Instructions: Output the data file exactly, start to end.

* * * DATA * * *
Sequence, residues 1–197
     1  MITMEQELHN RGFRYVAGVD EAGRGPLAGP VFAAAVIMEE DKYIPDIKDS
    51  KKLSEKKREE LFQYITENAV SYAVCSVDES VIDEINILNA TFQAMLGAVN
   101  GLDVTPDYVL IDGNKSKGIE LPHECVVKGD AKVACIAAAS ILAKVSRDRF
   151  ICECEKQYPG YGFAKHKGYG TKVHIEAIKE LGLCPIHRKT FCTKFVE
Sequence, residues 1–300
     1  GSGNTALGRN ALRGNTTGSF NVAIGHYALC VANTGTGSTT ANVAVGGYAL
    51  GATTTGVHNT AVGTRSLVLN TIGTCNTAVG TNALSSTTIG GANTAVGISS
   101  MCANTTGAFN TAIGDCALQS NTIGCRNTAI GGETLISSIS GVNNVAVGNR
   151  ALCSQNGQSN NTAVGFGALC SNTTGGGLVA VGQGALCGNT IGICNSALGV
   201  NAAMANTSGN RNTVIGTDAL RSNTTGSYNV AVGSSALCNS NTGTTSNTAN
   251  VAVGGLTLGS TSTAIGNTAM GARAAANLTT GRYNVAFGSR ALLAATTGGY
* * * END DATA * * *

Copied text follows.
Sequence, residues 1–197
     1  MITMEQELHN RGFRYVAGVD EAGRGPLAGP VFAAAVIMEE DKYIPDIKDS
    51  KKLSEKKREE LFQYITENAV SYAVCSVDES VIDEINILNA TFQAMLGAVN
   101  GLDVTPDYVL IDGNKSKGIE LPHECVVKGD AKVACIAAAS ILAKVSRDRF
   151  ICECEKQYPG YGFAKHKGYG TKVHIEAIKE LGLCPIHRKT FCTKFVE
Sequence, residues 1–300
     1  GSGNTALGRN ALRGNTTGSF NVAIGHYALC VANTGTGSTT ANVAVGGYAL
    51  GATTTGVHNT AVGTRSLVLN TIGTCNTAVG TNALSSTTIG GANTAVGISS
   101  MCANTTGAFN TAIGDCALQS NTIGCRNTAI GGETLISSIS GVNNVAVGNR
   151  ALCSQNGQSN NTAVGFGALC SNTTGGGLVA VGQGALCGNT IGICNSALGV
   201  NAAMANTSGN RNTVIGTDAL RSNTTGSYNV AVGSSALCNS NTGTTSNTAN
   251  VAVGGLTLGS TSTAIGNTAM GARAAANLTT GRYNVAFGSR ALLAATTGGY